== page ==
Mobile technology will likely continue to support student nurses hugely in the coming years. Mobile browsing can help nurses on the job look up useful guides and supporting notes in complex cases and scenarios.
Telehealth is an umbrella term for technology that is used to help patients get help from doctors, nurses, and other medical professionals from afar. It is another type of technology that saw a boom during COVID lockdowns, as it allowed users to get help when they were unable to reach hospital or surgery care.
As it happens, this technology may help nurses studying to care for patients. In the event where nurses are unable to treat patients or apply their knowledge in a physical setting, they may be able to connect to hospitals on a remote basis.
This can allow students to apply some care standards without having to physically care for their charges outright. This standard may not be common across all nursing courses, however, it is likely to see something of a sweeping uptake as the years go by.
Along the same lines as telehealth, video conferencing software and technology help student nurses to stay connected to their tutors and fellow students. This means they can connect with their peers at short notice and from anywhere with a working data connection.
This offers incredible flexibility and adds to the convenience of studying online that is already easy to see through many courses. There is no need to head to a physical campus or seminar room. Students can simply log into a given portal and connect to their professors, learning as they go.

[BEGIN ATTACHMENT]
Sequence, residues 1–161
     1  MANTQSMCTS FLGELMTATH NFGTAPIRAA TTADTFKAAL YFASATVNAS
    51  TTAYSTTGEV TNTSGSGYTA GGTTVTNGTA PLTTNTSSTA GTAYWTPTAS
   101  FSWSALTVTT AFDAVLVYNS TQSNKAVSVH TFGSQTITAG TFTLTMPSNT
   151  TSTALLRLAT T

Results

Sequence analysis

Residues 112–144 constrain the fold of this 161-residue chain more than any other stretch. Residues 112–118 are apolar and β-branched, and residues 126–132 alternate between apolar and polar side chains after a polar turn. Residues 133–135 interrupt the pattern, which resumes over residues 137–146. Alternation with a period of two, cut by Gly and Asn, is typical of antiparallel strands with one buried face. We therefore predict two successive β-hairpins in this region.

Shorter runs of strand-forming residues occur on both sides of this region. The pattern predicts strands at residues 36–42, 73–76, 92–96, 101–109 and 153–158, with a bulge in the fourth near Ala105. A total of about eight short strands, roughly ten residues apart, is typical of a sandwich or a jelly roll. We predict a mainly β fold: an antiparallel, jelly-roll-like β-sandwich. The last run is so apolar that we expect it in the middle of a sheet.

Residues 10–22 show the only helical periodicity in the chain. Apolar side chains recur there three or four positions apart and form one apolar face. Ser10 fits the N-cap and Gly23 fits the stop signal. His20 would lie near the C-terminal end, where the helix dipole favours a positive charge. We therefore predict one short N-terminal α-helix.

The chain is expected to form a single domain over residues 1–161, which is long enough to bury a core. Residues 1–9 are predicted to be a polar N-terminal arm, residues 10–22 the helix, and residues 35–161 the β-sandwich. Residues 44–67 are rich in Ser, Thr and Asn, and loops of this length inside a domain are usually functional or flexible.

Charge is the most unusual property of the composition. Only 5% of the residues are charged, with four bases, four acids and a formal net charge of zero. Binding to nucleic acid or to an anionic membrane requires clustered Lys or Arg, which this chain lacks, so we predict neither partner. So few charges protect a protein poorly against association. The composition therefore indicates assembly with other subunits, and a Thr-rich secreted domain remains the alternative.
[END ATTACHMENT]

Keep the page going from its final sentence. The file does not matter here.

Video conferencing also allows professors and nurse educators to teach students en masse. As, again, pandemic measures showed, it is entirely possible to host seminars online, providing virtual lectures and guidance to online rooms of 20 students or more.
Software such as Zoom and Microsoft Teams have helped to transform the way people learn, and this pattern is likely to continue.
While still a fairly new technology, augmented reality (AR) can help nurses practice the skills they learn in virtual environments akin to the ‘real thing’. This means students can effectively learn on mannequins albeit in a digital setting — there is no need to be on site, and in some cases, these virtual spaces can be augmented with gamifying features.
Nurses may be able to learn through reaching specific goals, integrating as part of their online learning suite. It is an alternative way of learning that may help many people unable to attend physical education.
The future is already here
One thing remains certain — we live in an exciting age of technological development. For example, artificial intelligence is not only changing gaming, it is making work and education more convenient and adaptive, too.
In the years to come, online learning will expand further to allow nurses to get better acquainted with the tools and skills they need to be fantastic in the world of healthcare. Technology should not be scary — it exists to help make our lives more convenient, and to ensure we can always be ready to solve complex problems. That goes for nursing as much as any other career.